Swiss National Bank Confirms Massive FX Intervention Losses, As Spike In M3 Reported
As widely speculated previously on the pages of this blog, the SNB confirmed earlier it has lost billions of euros due to currency speculation in attempting to keep the CHF low. As the FT reports: "The Swiss National Bank on Wednesday revealed the cost of its massive foreign exchange interventions to restrain the value of the franc, with losses of more than SFr14bn ($13.3bn, €10.4bn) in the first half of this year." Following such a massive losses for the small country (nearly 2% of GDP) it was only a matter of time before the other 26 Swiss cantons, which share in the profits and losses of the SNB, said enough. "The SNB said last month it had stopped intervention. Its official reason was because deflationary risks from the surging currency had declined, but most economists ascribed the move to growing concerns about the risks from the massive foreign currency holdings." Yet it appears Switzerland has its gold holdings to thank for keeping the loss manageable, and why, at least the SNB, will not allow a quick depreciation in the price of gold, for as long as the EURCHF continues to be at these low levels: " the central bank was, as in the past, a significant beneficiary of the
surging gold price, allowing it to take big paper profits from revaluing
its large bullion holdings. The rising gold price allowed the SNB to
“hold the loss within certain limits”, it said in a short statement." Elsewhere, we read that the Swiss economy is being aggressively liquefied with both M3 (up 7.7%) and loan issuance (up 4.4%) surging in June.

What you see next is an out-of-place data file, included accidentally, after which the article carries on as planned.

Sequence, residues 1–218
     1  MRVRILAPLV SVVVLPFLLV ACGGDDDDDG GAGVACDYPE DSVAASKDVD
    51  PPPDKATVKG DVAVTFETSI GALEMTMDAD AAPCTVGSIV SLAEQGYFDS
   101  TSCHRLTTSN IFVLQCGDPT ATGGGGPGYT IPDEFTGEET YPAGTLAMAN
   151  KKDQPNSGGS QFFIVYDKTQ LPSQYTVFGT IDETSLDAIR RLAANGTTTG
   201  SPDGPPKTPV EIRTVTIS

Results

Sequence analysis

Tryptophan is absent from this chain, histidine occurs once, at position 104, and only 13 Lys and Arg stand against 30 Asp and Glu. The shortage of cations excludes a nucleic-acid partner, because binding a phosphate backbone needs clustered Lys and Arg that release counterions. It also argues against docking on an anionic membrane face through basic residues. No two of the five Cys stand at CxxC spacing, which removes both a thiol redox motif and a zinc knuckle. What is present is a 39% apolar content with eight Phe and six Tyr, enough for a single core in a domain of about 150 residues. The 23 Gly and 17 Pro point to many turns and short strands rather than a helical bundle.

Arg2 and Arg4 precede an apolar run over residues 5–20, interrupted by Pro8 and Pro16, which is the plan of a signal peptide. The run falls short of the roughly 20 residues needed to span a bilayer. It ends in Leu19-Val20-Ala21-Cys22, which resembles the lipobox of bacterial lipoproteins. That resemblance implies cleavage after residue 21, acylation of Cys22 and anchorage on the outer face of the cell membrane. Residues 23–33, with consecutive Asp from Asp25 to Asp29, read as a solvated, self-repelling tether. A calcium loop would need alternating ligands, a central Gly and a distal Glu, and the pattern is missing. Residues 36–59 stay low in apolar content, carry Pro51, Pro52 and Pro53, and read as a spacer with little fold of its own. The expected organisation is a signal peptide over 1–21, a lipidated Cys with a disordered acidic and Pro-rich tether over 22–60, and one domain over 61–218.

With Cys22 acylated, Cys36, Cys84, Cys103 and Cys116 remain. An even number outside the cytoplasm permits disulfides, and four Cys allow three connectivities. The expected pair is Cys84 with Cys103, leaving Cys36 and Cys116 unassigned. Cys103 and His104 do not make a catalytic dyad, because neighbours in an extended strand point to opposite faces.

From Goldman Sachs:
Money growth edges higher, dip in FX reserves confirmed
BOTTOM LINE: Following a rapid growth rate of +7.5%yoy in May – which pushed the Swiss monetary base to a record high – M3 growth increased to 7.7%yoy in June, underscoring the fact that the SNB's FX interventions have led to excess liquidity in the banking system that will need to be mopped up at some point. Also in today’s Monthly Bulletin, final figures published by the SNB confirm an earlier release in showing that foreign currency reserves held by the SNB fell from CHF 239bn in May to CHF 227bn in June.
1. Chart 1 shows the scale of the recent increase in banknotes in circulation and deposits of domestic banks at the SNB. Coupled with already quite lively lending growth, today's out-turn underscores the inflationary risk from the central bank's FX interventions, if left unchecked. The most recent data in Switzerland continues to shrug off any sign of a 'credit crunch': loans to domestic non-banks rose 4.4%yoy in May (Chart 2), still relatively stimulative on a historical basis and a robust rate given the depth of the recession.
2. Alongside the release of money supply data today, the value of FX reserves held by the SNBwas confirmed as falling from CHF 239bn in May (revised up from 232bn) to CHF 227bn in June. These data confirm that, in light of its June Monetary Policy Assessment, the SNB has suspended its FX interventions – originally intended to prevent an ‘excessive appreciation’ of the Swiss france. Despite the policy significance of the confirmed dip in FX reserves in June, the volume of foreign currency assets accumulated by the SNB has increased almost fivefold since the beginning of 2009.
3.) The SNB's balance sheet data have been released at irregular intervals (and by various sources) over the last few months. In particular, the SNB's balance sheet has historically been published only in this release of the Monthly Statistical Bulletin, but recently a 'flash' preliminary estimate of selected line items has been published by the Swiss Federal Statistical Office a few weeks ahead of the SNB. This seems to have agitated the central bank and, as far as we can tell, the SNB will now publish - in the first few working days following the end of the reference month - an estimate of the foreign currency reserve position under the IMF's Special Data Dissemination Standard (SDDS). We commented on this preliminary release on July 6, and today’s Monthly Bulletin confirms the dip in reserves reported in those early estimates.